This material is best for large spaces like restaurants and churches.
5. Acoustic Panels
Probably the highest possible NRC rate ever recorded are acoustic panels, (usually placed on walls) with a perfect 1.0 NRC rating.
That 1.0 rate means the effect of these panels is practically perfect as sound absorbers.
High-quality acoustic panels give you the soundproof experience to meet your needs, especially in a large area, space, or room where acoustics can be awful. Their goal is to reduce noise levels and decrease reverberation in the walls.
So if you’re eyeing to control the acoustics of your room to ease talking with each other, acoustic panels boost the sound quality at a much quicker rate.
You can even make your own DIY panels if you’re not willing to spend yet on more expensive high-quality ones!
What Is Considered as a Good NRC Rating?
If you’re on the lookout for a good rank value, NRC ratings of .75 or higher are generally considered highly absorptive.
So if you’re on the hunt for an “add to cart” solution to a noise problem in your room or space, make sure to consider all acoustic products and sound absorption materials with NRC ratings of 0.75 or higher.
What Is the Best NRC Rating?
The two most important conditions when considering their NRC values are thickness and density. If a medium is known to be efficient to absorb sound, it also follows that it’s thick and dense.
The winning question of all time now is What is the Best NRC Rating?
Well, here’s the deal: the results with a higher NRC rate = better conditions.
Go with hard, dense, and impenetrable products or materials like MLV (Mass Loaded Vinyl).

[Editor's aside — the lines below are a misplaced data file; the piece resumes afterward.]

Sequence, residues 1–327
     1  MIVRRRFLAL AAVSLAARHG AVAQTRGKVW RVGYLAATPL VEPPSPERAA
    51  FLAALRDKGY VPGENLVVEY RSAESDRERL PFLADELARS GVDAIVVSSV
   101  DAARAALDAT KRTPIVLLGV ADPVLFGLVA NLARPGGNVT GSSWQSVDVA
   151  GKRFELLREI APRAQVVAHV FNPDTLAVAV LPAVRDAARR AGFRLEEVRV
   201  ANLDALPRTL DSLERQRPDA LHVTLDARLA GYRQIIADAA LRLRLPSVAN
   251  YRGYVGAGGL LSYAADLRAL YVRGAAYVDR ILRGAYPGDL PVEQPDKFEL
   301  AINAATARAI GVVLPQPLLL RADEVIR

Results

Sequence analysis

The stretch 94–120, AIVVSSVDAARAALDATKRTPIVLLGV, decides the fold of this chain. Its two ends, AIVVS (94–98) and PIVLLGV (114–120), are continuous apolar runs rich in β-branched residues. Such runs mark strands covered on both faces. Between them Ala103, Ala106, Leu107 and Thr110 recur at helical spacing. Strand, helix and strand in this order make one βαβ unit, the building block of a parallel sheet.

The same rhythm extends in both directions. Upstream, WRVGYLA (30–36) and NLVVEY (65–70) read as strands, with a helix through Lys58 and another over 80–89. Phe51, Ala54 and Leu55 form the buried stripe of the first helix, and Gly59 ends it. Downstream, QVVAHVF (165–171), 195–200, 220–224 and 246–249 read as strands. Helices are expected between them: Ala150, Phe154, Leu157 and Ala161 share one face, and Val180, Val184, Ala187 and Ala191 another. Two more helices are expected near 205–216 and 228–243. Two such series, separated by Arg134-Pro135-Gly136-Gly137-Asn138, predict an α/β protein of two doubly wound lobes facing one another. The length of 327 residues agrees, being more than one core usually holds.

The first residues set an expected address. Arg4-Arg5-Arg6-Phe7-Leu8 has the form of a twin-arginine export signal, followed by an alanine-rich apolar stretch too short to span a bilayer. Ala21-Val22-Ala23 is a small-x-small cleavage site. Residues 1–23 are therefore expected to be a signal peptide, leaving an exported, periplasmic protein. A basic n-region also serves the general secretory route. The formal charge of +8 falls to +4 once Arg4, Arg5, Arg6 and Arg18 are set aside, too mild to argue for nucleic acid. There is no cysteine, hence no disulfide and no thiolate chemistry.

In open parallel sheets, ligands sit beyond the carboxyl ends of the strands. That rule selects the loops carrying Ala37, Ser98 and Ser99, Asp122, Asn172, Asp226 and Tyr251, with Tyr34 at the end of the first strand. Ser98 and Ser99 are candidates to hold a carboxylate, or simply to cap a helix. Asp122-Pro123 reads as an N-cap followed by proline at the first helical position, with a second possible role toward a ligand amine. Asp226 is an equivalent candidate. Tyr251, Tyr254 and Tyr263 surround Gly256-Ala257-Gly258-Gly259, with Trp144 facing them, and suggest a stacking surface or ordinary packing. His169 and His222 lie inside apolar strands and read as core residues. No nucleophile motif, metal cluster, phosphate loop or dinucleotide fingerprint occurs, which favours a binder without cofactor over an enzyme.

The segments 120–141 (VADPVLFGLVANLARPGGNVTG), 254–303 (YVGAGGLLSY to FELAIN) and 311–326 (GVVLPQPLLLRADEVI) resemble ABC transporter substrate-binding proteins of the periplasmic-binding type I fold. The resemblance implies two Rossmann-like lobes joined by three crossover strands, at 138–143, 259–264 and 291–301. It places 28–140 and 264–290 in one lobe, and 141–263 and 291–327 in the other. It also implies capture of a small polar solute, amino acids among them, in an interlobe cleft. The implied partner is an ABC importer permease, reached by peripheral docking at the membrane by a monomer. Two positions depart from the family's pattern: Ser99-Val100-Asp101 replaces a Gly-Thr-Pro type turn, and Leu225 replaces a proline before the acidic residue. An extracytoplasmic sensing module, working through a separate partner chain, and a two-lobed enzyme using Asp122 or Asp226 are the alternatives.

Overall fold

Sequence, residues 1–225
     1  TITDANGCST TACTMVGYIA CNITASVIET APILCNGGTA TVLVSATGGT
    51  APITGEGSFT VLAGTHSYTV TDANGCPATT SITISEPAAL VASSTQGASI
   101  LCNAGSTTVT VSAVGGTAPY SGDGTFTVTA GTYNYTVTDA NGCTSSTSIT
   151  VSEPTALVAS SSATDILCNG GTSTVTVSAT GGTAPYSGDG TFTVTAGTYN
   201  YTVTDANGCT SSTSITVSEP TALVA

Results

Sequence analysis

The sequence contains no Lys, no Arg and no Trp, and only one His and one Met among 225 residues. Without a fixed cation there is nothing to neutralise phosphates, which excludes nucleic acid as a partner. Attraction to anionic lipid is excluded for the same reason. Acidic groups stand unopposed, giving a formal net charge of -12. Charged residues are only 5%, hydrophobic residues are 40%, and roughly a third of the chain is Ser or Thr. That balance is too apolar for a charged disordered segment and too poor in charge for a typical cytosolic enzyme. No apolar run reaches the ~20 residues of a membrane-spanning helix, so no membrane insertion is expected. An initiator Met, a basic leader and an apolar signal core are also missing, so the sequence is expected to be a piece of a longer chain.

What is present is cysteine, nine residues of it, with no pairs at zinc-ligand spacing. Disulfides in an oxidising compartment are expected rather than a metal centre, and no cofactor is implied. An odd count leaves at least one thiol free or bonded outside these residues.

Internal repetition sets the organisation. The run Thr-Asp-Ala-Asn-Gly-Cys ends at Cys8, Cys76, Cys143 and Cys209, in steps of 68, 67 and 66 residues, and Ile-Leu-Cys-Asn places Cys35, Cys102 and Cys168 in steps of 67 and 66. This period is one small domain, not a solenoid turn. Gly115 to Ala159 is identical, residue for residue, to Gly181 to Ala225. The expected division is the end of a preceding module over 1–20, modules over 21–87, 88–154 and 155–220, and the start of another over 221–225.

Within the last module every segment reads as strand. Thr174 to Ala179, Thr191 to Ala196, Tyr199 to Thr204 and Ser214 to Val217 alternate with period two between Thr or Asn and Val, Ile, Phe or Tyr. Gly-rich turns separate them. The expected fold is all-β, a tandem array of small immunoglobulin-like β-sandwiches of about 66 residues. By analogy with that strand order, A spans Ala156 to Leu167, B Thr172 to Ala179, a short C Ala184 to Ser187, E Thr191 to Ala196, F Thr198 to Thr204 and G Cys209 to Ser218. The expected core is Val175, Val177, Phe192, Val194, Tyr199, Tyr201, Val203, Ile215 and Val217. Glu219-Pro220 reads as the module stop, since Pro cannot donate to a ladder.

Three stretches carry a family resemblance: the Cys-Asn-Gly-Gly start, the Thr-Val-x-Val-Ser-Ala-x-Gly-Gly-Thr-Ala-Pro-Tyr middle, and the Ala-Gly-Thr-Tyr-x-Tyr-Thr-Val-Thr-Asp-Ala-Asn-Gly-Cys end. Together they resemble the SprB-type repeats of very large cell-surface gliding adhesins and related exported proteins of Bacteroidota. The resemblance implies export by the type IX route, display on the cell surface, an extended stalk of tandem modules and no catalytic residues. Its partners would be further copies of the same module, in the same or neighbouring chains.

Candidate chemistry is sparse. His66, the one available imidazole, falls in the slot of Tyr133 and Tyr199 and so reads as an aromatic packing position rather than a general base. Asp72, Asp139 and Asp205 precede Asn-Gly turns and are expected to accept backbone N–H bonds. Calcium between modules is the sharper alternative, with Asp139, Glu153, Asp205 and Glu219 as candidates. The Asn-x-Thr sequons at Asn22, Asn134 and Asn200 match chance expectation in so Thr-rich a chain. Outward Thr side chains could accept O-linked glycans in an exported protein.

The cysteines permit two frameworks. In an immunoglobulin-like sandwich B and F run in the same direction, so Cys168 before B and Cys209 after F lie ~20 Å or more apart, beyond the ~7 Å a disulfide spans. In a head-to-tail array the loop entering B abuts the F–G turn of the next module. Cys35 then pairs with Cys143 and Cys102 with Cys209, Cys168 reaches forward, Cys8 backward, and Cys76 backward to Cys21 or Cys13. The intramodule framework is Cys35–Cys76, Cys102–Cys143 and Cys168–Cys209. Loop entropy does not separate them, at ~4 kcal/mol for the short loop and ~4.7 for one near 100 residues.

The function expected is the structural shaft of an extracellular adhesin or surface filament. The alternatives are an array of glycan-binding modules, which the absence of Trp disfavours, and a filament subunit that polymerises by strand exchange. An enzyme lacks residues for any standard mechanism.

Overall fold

Additionally, nobody should tell you to limit your space in using one product or material. Spice up your spaces with as many absorbers as you want!
How Is the NRC Value Calculated?
Unfortunately, not everyone can accurately measure the rate of an acoustic product or medium without the help of trained professionals.
Here’s a quick process on how each value undergoes calculation of their performance:
- Initial measurement is taken in a sound test laboratory room by noise signal transmission through a microphone.
- Once done, the product or material undergoes the same testing at the same test laboratory room. Now with four different noise frequencies (250 Hz, 500 Hz, 1000 Hz, 2000 Hz).
- The gathered test measurement calculations are an average. A decimal rounded off to the nearest 0.05 is reported for every NRC.
A sound absorption coefficients’ value indicates that the material provides an acoustic surface area equivalent to its physical, two-dimensional surface area.
Simply put, any material or product that is three-dimensional or greater exceeds the 1.00 NRC ratings’ limit.
NRC ratings over 1 are possible. If you read a value above 1.0 in acoustic products, this is due to edges inclusion in the equation, called the “edge effect.”
What’s the Difference Between NRC and STC Rating?
Whenever people decide to purchase any soundproofing products and provide testing, the NRC rating is usually compared with the STC rating.
NRC talks about the rating system on how much sound that a product can absorb. Picture it as a grading scale where you can assess products’ absorptive capacity.
On the other hand, Sound Transmission Class (STC) is a class of material that reduces acoustics going through structures’ medium. It serves as the barrier against acoustic inputs “attacking” your space.
In terms of rate classification, the two concepts you need to understand are that:
NRC measures the build-up of noise within a space or room while STC measures the sound transmission between space or room.
Both are useful performance factors to further improve the soundproofing quality in your room.
NRC is the standard rating for how well a material absorbs sound waves and how much it reflects at specific mid-range frequencies.
The basis of measurements is if the noise reduction coefficient includes zero (perfect reflection) to one (perfect absorption). It undergoes a meticulous process of performance testing, but here are a few pointers to remember:
- Products or materials that are hard, dense, and have impenetrable compositions – such as marbles or tiles – have poor sound absorption.
- Products or materials that are soft, thin, and have penetrable compositions – such as carpets or acoustic panels – have better sound absorption.
FINAL TIP: To fully understand what soundproofing entails, you can read up on The 5 Soundproofing Principles to help you out.